North Sails NEWS

DENALI3: A Team Effort

Reflecting On Double Class Wins for Denali3

Denali3 has had a good year, a very good year. “Just being on the water with the team again was a joy for sure,” said Bill McKinley, her owner. He was reflecting on returning to racing after suffering – along with many other teams – a couple of difficult seasons. “The last two years really kicked us in the butt,” he added, but they went into the 2022 season with a new sail inventory targeted at the classic Great Lakes events and, “a lot of freaking hope.” It turned out to be a well-founded hope. McKinley and his crew – mostly made up of his friends – have achieved a remarkable double; class wins in both the 2022 Bayview Mackinac and Chicago-Mackinac races.

“We were fairly confident in the rig and sails as we had some solid practice days with the team, but actual race results take a lot of factors coming together at the same time,” he explained. “The Mac races couldn’t have been more different: The Bayview Mac was light air beating, reaching and running. The Chicago Mac was mid- to high- wind reaching and running mixed in with massive squalls. Winning our section in both races sailing against an incredible group of competitors and some of the best TP52 sailors in the world was epic… literally a dream come true… something you dream about but don’t expect to ever happen.”

It was a dream built on some smart thinking and very sound preparation, all of which reflected McKinley’s long experience of the sport, and those two races. “Sailed my first Mackinac at age 11, have sailed in over 60 Mackinacs,” he explained. He’d previously owned a Nelson/Marek ULDB 70 and a Carkeek 40, hitting the podium in plenty of big races. So, McKinley was very clear right from the outset about what he wanted from his third boat, designed by Jason Ker and built by McConaghy’s in China in 2017-18.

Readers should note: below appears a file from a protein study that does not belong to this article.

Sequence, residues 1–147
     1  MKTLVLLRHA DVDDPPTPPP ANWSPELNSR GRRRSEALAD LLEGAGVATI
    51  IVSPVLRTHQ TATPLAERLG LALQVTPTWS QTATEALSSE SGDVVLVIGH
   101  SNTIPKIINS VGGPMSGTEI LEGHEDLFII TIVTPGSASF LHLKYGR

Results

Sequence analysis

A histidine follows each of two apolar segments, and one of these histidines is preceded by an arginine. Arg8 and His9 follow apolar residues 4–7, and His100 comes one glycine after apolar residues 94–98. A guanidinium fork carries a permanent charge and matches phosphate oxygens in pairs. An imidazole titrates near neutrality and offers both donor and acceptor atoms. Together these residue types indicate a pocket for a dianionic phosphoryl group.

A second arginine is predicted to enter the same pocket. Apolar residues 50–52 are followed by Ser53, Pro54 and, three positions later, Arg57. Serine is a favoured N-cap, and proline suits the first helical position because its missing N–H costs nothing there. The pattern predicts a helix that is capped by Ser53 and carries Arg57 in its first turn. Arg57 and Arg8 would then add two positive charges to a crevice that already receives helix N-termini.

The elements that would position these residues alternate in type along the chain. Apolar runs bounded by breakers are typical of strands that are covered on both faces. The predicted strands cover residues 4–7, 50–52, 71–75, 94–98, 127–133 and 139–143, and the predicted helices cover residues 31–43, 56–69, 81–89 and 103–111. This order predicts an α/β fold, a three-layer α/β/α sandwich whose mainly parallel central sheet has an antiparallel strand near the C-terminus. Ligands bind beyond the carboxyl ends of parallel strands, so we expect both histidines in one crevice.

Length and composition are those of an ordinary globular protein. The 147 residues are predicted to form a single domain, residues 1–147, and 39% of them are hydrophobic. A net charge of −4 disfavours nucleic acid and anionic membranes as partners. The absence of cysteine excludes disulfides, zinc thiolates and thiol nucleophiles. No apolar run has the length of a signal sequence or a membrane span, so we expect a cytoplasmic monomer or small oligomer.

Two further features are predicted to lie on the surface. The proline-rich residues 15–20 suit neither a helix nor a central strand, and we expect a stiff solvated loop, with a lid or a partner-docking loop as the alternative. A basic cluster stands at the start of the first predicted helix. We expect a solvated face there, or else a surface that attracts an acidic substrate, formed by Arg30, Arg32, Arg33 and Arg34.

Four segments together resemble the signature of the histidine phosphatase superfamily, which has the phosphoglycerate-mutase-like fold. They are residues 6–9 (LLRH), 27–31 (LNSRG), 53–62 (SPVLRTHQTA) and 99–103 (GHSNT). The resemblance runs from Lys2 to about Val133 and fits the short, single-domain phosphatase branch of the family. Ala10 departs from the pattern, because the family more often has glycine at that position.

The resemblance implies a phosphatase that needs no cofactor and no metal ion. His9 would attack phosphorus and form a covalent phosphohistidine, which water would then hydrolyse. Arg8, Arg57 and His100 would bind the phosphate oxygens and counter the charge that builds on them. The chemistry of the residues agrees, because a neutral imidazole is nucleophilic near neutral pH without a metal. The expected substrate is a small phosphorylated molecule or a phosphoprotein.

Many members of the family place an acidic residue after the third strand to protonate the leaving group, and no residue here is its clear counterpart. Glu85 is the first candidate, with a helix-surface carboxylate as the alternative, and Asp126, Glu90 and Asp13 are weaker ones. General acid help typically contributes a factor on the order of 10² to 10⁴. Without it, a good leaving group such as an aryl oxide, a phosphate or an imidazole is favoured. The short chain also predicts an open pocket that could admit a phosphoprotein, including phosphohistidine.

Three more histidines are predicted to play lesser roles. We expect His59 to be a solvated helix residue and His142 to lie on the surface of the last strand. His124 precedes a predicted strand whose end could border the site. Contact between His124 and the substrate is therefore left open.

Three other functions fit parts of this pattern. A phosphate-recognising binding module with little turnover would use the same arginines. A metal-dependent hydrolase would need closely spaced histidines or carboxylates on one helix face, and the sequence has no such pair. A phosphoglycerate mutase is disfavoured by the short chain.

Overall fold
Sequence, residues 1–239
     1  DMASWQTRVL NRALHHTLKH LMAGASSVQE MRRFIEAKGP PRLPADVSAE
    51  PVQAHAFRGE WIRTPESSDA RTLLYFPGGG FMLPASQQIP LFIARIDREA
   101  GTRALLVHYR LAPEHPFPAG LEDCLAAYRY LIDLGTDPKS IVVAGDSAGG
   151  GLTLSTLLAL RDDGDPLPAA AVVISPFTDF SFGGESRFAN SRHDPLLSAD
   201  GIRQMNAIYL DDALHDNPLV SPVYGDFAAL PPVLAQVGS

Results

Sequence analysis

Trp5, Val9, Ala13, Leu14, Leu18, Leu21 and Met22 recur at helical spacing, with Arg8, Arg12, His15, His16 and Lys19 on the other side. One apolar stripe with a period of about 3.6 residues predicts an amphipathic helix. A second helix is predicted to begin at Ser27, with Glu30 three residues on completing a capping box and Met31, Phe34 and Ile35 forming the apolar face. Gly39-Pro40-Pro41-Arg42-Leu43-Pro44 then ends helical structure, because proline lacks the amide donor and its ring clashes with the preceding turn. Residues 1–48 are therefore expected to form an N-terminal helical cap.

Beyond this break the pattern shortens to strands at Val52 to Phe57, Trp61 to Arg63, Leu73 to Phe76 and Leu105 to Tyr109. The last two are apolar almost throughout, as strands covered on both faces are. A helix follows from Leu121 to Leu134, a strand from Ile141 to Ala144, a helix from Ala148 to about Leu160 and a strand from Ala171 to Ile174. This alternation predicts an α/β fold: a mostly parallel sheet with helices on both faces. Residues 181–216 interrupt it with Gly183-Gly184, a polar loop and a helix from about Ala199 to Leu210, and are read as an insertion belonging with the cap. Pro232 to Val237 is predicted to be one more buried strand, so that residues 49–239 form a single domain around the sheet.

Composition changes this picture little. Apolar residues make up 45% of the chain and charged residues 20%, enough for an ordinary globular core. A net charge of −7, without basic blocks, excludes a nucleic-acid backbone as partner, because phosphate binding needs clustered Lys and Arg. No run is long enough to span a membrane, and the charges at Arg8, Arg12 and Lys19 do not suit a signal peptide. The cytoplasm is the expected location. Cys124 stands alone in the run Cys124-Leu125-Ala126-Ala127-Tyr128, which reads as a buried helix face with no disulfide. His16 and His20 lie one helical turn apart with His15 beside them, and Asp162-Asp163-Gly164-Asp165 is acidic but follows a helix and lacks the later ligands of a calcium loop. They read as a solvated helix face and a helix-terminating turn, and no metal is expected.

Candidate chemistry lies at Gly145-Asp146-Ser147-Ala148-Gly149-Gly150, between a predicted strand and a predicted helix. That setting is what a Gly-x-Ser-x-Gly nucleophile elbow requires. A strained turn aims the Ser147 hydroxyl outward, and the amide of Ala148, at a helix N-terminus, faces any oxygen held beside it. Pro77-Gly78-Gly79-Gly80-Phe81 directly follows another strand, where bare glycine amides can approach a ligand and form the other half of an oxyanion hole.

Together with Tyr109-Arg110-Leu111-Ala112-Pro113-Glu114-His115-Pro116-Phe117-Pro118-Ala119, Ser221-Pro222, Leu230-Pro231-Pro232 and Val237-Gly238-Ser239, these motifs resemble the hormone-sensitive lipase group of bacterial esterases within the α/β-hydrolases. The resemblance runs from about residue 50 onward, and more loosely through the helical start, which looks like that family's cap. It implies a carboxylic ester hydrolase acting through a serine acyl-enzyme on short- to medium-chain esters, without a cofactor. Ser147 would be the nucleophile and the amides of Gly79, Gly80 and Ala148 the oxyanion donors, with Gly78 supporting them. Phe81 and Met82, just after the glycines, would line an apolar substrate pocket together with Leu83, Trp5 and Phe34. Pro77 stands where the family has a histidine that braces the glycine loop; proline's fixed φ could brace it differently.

“My goals when I commissioned Denali3 were an all-around boat that was fully sorted for offshore sailing,” he said. “Aside from mode-ing the boat for Macs, I wanted to go back and run the TransPac, the Bermuda Race, as well as the Caribbean 600. Specifically, I wanted a boat that excelled in light air reaching as well as big breeze reaching and running.”

“Obviously the ‘target’ races are pretty different and require different sail inventory approaches. The first goal was creating my vision of a ‘Mac boat’ for light wind reaching in 40 to 80 [degrees] TWA [True Wind Angle] and high AWAs [Apparent Wind Angles] due to the traditional light breezes. I was fortunate to hook up with Wade Morgan and Magnus Doole who had sailed and outfitted Alpha+ [the first boat built to the Ker 46+ design]. They were super receptive to my vision of an upwind J-Zero.”

Wade Morgan specializes in the management of custom yacht builds, and includes Mālama, 11th Hour Racing’s IMOCA 60 on his CV. Morgan had already worked with Magnus Doole on several projects, including the construction of two previous Ker designs. Doole has been a sail designer for North Sails since 2007 and has a strong background in the TP52 class and maxi boats, but this was a different challenge; because of the offshore and reaching emphasis that Bill was putting on the boat. 

“We went through the process of working with Southern Spars and with Ker Yacht Design to optimise the sail plan for what Bill wanted to do,” said Doole. They had an advantage with the sails and the mast all coming from within the North Technology Group, so a range of expertise could be drawn upon, and the integrated tools of the North Design Suite could be used to full advantage. “We also worked with Greg Stewart from Nelson/Marek Yacht Design to look at the rating side of it for the specific races,” added Doole. “The boat captain, Norman Berge is also part of that communication loop… he’s a Harbor Springs, Michigan native, who does a fantastic job of preparing the boat to a Super Series level of preparation.”

Denali3 was launched during the 2018 season, competing on the Great Lakes her first couple of years. There were reservations about the rudder position, which seemed more optimized to upwind / downwind sailing, rather than reaching. “It was clear at the end of that, that the boat over performed in some conditions, and it was difficult to sail in others,” said Morgan.